Intellectual Property Notes Bonus Issue: Quanta Computer v. LG Electronics
Sup Ct - Patent exhaustion doctrine applies to method patents.
Quanta Computer, Inc. v. LG Electronics, Inc. (6/9/08) Decision
LG sued Quanta and others (collectively "Quanta") for patent infringement. The trial court held that exhaustion did not apply and the Federal Circuit affirmed in part and reversed in part, agreeing that patent exhaustion did not apply to method claims. The Supreme Court reversed the judgment of the Federal Circuit.
In 1999, LG purchased a portfolio of computer technology patents, including the patents at issue here: the '641, '379, and '733 patents. The '641 patent discloses a system for ensuring that the most current data are retrieved from the main memory. The '379 patent relates to the coordination of requests to read from and write to main memory, while the '733 patent manages the data traffic on a bus connecting two computer components. LG licensed these patents to Intel and the license agreement permitted Intel to manufacture and sell microprocessors and chipsets that use the LG patents. The license agreement stipulates that no license is granted to any third-party for the combination of licensed products of either party with items from other sources. In a separate agreement, Intel agreed to give written notice to its own customers informing them that any Intel product purchased by them was licensed by LG and that the license did not extend to products made by combining any Intel product with a non-Intel product. Quanta, a computer manufacturer, purchased microprocessors and chipsets from Intel and made computers using Intel parts in combination with non-Intel memory and buses in ways that practice the LG patents. LG sued, asserting that this combination of products infringed its patents. The trial court held that patent exhaustion did not apply to method claims, a holding with which the Federal Circuit agreed. Alternatively, the Federal Circuit held that exhaustion did not apply because LG did not license Intel to sell the Intel products to Quanta for use in combination with non-Intel products.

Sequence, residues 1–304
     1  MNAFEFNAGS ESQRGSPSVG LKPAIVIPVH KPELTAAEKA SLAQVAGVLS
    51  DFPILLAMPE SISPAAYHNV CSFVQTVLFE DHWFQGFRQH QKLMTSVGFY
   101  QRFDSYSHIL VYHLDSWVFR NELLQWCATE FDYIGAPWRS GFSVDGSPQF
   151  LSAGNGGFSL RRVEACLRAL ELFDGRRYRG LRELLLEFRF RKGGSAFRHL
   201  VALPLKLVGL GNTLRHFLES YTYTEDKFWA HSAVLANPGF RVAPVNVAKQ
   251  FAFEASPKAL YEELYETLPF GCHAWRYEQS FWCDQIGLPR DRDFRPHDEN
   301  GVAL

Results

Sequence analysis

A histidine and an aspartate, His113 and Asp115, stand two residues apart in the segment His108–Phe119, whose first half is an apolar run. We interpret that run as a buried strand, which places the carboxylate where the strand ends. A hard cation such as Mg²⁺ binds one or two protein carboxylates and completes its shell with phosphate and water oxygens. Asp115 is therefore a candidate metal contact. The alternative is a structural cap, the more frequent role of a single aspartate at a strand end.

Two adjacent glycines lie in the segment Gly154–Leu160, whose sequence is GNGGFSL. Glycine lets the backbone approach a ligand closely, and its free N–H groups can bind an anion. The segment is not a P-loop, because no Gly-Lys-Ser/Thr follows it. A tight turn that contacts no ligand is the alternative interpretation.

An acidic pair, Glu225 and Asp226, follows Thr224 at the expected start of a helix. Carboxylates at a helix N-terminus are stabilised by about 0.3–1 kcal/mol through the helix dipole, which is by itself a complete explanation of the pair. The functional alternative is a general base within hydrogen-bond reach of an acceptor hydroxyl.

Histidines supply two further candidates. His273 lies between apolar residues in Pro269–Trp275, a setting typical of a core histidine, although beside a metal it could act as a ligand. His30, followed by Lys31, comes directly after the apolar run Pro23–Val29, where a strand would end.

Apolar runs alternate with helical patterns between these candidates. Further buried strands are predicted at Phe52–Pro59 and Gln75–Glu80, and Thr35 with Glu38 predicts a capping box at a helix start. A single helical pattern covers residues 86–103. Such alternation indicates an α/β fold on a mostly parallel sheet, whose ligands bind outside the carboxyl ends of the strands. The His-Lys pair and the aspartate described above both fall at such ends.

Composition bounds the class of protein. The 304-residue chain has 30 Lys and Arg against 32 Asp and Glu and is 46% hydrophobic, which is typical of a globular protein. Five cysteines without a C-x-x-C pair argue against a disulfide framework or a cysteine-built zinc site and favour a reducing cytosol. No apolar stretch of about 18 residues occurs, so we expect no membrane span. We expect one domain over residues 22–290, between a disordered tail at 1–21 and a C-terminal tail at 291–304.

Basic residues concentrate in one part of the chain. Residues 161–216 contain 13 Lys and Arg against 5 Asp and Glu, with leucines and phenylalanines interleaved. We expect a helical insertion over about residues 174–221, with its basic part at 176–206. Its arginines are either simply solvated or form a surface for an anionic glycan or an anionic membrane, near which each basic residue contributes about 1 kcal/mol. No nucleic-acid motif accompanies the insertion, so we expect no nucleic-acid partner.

The Supreme Court ultimately held that because the exhaustion doctrine applied to method patents and because the license authorized the sale of components that substantially embodied the patents-in-suit, the sale exhausted the patents. Eliminating exhaustion from method patents would seriously undermine the exhaustion doctrine. Patentees seeking to avoid patent exhaustion would simply draft their patent claims to describe a method rather than an apparatus. Regarding the extent to which a product had to embody a patent in order to trigger exhaustion, LG had suggested no reasonable use for the Intel products other than incorporating them into computer systems that practiced the LG patents. Further, the only apparent object of Intel's sales to Quanta was to permit the latter to incorporate the Intel products into computers that would practice the patents. Moreover, the Intel products constituted a material part of the patented invention and all but completely practiced the patents. The incomplete article substantially embodied the patents because the only step necessary to practice them was the application of common processes or the addition of standard parts. Everything inventive about each patent was embodied in the Intel products. The exhaustion analysis was not altered by the fact that more than one patent was practiced by the same product. While LG argued that there was no authorized sale here, nothing in the license agreement restricted Intel's right to sell its microprocessors and chipsets to purchasers who intended to combine them with non-Intel parts. The provision requiring notice to Quanta appeared only in the master agreement. Hence, Intel's authority to sell its products embodying the LG patents was not conditioned on the notice or on Quanta's decision to abide by LG's directions in that notice. Because Intel was authorized to sell its products to Quanta, the patent exhaustion doctrine prevented LG from further asserting its patent rights with regard to the patents substantially embodied by those products.
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